By Kayla Lemay
True or false: the most important election an American citizen can vote in is the Presidential Election.
And now, here’s why.
Think back to your dreaded American History and Intro to American Government classes. We have this thing called the Electoral College. The Electoral College is the body that actually votes for the President – not the citizens. They play no part in the election of Senators, Governors, Representatives, etc.
Coming up on Nov. 4, we have the Gubernatorial election, which is when we elect a new Governor and Lt. Governor. These positions are voted on by us, the citizens of Massachusetts. Why should you care, though?
The easiest way to think about it is that the Governor is basically the “President” of Mass. He has the Senate and House of Representatives working with him, who make up the state Congress. There is the state Judicial branch as well. He’s the one that signs the bills into law, or vetoes them.
But who is even running for Governor in Mass.?
Well, we have five candidates. One Republican, one Democrat, and three Independents. The Republican, Charlie Baker, and the Democrat, Martha Coakley, are the top two candidates as of right now. It’s a very tight race, with most polls projecting Baker leading by anywhere from none (a tie) to 6 percent. Still, neither are over 50%, which you need in order to win.
What do these two top contenders stand for?
Coakley has a broad amount of issues listed on her website, marthacoakley.com, ranging from Education to Veterans.
According to On the Issues, a company that profiles politicians based on their voting records, statements to the media, and other factors, Coakley strongly favors issues such as high taxes on the wealthy, and never legalizing marijuana. She opposes vouchers for school choice and absolute rights to gun ownership.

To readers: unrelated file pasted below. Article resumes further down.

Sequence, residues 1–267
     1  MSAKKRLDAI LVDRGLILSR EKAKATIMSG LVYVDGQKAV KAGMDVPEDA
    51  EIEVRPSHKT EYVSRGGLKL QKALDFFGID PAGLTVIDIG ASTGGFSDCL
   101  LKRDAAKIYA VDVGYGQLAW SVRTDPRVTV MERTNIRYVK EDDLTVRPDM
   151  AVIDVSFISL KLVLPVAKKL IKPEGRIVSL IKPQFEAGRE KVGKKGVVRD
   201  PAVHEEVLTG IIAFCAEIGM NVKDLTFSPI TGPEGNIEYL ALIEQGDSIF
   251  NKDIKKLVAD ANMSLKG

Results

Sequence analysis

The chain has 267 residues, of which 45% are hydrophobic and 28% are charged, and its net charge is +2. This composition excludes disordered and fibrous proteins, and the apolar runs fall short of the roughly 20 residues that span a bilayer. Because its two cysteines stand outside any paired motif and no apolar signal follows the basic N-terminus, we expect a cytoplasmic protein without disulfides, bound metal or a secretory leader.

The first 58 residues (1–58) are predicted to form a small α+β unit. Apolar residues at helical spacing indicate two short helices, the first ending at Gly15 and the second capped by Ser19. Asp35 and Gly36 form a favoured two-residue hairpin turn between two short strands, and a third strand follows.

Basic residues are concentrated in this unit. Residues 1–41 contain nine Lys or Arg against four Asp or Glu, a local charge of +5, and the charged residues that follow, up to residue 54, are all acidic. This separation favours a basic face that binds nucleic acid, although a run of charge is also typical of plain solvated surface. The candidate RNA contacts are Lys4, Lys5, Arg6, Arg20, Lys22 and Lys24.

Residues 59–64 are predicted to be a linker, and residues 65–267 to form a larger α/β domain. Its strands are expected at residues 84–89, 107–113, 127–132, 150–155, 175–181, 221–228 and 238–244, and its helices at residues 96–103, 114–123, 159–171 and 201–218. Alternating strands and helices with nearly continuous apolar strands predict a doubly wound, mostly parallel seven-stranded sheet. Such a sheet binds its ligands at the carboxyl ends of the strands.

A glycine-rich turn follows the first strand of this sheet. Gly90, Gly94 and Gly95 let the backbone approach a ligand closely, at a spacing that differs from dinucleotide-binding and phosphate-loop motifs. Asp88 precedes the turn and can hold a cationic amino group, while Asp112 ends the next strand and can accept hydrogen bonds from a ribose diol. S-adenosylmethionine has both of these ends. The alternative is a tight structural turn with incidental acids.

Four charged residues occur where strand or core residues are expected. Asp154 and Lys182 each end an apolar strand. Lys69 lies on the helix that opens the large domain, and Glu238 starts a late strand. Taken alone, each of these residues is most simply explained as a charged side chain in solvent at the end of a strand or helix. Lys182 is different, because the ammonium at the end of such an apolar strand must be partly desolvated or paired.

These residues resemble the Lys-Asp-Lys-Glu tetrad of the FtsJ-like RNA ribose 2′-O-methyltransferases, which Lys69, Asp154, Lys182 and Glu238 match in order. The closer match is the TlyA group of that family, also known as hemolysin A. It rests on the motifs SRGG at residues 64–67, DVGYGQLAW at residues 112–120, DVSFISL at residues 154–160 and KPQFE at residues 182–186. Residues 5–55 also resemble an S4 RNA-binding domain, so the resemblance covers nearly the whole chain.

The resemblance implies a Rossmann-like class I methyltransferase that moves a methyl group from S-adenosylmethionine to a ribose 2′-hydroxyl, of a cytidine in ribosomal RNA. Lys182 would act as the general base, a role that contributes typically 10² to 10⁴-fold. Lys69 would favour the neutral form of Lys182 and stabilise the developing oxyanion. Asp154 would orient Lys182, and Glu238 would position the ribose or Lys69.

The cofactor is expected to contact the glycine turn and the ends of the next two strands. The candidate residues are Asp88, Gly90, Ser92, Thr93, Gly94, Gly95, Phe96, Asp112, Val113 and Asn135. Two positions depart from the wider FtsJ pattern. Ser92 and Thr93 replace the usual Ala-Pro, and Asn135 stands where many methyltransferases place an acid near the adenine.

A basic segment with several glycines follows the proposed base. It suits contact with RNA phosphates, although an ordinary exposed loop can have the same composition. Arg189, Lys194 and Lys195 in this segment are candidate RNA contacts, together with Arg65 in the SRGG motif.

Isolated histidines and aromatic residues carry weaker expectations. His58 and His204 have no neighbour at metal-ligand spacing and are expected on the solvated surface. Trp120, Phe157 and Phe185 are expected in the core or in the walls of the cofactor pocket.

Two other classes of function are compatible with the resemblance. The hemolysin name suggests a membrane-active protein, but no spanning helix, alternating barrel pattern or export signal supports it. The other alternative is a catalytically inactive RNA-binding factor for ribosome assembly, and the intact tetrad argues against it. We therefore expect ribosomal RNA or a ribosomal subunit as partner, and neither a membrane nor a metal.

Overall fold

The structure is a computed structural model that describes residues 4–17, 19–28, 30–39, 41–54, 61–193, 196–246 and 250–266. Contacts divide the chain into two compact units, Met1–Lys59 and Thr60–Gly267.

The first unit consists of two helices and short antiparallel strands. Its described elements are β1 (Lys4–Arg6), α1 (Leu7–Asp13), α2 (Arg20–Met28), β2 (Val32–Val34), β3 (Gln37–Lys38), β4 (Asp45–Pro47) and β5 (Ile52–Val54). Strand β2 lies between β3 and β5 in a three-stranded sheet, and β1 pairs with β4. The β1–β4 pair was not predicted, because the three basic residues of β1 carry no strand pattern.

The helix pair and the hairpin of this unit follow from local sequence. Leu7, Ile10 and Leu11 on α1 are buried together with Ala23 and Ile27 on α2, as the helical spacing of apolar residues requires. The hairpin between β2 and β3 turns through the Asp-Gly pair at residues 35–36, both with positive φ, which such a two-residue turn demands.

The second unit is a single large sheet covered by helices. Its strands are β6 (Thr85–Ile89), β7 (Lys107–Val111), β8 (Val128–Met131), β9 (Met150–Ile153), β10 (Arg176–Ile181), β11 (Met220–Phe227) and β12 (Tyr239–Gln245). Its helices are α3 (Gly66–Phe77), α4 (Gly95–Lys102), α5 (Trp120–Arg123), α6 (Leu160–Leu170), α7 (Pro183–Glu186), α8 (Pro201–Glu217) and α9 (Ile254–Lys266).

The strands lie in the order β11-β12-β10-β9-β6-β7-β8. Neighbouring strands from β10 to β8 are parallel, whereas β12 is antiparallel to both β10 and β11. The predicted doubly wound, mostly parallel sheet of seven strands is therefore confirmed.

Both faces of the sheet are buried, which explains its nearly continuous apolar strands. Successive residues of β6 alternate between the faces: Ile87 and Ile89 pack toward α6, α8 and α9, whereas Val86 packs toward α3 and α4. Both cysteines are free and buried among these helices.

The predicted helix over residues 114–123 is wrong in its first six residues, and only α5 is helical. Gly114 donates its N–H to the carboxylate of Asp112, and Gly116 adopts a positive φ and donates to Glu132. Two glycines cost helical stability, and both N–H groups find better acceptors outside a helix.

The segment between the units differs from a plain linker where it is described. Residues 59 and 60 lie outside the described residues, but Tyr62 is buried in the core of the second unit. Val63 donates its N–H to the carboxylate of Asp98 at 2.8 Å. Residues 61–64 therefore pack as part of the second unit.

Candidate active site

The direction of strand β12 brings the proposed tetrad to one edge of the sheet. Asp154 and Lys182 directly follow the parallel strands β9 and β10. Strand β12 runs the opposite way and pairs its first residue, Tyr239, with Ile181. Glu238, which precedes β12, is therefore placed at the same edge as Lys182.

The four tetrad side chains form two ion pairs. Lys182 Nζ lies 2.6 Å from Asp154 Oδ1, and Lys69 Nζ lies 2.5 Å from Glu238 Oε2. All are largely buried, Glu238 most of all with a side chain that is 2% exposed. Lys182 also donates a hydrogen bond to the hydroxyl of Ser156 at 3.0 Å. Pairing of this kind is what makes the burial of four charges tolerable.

Baker, on the other hand, has less issues listed on his website, charliebaker2014.com. He also has a lot more “Unknowns” in his On the Issues profile, though this may be from a lack of holding office prior to his run for governor in 2010.
He is strongly in favor of green energy, and believe that a woman’s right to an abortion is her own choice. He opposes expanding Obamacare and strongly opposes a pathway to citizenship for illegal immigrants.
To learn more about each candidate, including the Independent ones, be sure to use Google and discover what you can about each of their policies. I personally recommend ballotpedia.org, which is essentially the Wikipedia of elections, to get the best overview on each candidate.
Kayla Lemay is the Editor-in-Chief of The Comment. Follow her on Twitter at @klemay123.